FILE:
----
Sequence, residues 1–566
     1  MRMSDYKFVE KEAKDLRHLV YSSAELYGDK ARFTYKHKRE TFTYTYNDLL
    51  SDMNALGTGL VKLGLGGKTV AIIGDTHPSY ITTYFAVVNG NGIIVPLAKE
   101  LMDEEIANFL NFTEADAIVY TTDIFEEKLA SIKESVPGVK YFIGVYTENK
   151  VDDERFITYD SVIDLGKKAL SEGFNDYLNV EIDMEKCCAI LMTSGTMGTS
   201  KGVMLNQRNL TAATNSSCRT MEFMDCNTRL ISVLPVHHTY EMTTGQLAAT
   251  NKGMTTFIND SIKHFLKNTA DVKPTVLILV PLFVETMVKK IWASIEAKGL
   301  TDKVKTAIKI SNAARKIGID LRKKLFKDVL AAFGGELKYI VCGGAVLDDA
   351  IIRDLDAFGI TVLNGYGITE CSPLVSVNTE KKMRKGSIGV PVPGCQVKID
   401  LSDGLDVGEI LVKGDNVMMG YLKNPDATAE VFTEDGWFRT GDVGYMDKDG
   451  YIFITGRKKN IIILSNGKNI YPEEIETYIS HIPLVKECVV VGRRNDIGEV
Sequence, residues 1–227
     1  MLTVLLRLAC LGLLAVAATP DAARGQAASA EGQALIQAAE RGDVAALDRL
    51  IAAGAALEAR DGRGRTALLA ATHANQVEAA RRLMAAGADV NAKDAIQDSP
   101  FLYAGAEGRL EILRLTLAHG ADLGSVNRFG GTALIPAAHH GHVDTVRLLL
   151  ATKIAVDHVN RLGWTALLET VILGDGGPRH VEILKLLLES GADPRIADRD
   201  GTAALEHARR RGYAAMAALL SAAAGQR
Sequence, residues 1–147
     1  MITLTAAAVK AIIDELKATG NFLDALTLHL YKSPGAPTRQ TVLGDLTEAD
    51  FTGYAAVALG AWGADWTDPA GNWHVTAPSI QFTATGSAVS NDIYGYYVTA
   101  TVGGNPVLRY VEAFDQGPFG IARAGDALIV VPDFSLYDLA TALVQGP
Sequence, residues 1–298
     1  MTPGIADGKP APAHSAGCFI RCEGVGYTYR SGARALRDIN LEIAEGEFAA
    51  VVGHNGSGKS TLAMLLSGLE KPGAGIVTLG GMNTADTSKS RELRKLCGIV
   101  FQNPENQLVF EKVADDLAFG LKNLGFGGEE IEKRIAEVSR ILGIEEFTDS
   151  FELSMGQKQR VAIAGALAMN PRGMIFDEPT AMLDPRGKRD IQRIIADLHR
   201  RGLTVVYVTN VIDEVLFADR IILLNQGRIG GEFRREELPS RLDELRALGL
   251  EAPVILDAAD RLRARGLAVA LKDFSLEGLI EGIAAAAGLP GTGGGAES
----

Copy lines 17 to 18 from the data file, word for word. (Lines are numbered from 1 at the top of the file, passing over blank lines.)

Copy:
   201  GTAALEHARR RGYAAMAALL SAAAGQR
Sequence, residues 1–147